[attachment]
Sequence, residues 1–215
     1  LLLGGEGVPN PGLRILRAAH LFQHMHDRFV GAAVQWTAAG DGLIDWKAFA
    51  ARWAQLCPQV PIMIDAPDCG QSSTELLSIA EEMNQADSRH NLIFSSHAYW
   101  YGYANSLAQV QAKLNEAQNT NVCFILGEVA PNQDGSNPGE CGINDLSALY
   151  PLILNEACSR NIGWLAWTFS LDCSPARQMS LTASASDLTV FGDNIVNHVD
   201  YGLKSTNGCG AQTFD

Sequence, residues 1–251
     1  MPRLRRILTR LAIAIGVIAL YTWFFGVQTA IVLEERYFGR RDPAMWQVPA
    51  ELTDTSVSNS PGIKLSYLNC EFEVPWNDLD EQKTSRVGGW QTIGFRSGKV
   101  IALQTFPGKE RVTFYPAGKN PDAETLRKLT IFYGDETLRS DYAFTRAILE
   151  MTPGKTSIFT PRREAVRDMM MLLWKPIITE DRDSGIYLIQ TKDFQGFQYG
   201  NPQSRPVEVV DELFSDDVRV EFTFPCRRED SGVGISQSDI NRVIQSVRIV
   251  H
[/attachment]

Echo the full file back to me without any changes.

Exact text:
Sequence, residues 1–215
     1  LLLGGEGVPN PGLRILRAAH LFQHMHDRFV GAAVQWTAAG DGLIDWKAFA
    51  ARWAQLCPQV PIMIDAPDCG QSSTELLSIA EEMNQADSRH NLIFSSHAYW
   101  YGYANSLAQV QAKLNEAQNT NVCFILGEVA PNQDGSNPGE CGINDLSALY
   151  PLILNEACSR NIGWLAWTFS LDCSPARQMS LTASASDLTV FGDNIVNHVD
   201  YGLKSTNGCG AQTFD

Sequence, residues 1–251
     1  MPRLRRILTR LAIAIGVIAL YTWFFGVQTA IVLEERYFGR RDPAMWQVPA
    51  ELTDTSVSNS PGIKLSYLNC EFEVPWNDLD EQKTSRVGGW QTIGFRSGKV
   101  IALQTFPGKE RVTFYPAGKN PDAETLRKLT IFYGDETLRS DYAFTRAILE
   151  MTPGKTSIFT PRREAVRDMM MLLWKPIITE DRDSGIYLIQ TKDFQGFQYG
   201  NPQSRPVEVV DELFSDDVRV EFTFPCRRED SGVGISQSDI NRVIQSVRIV
   251  H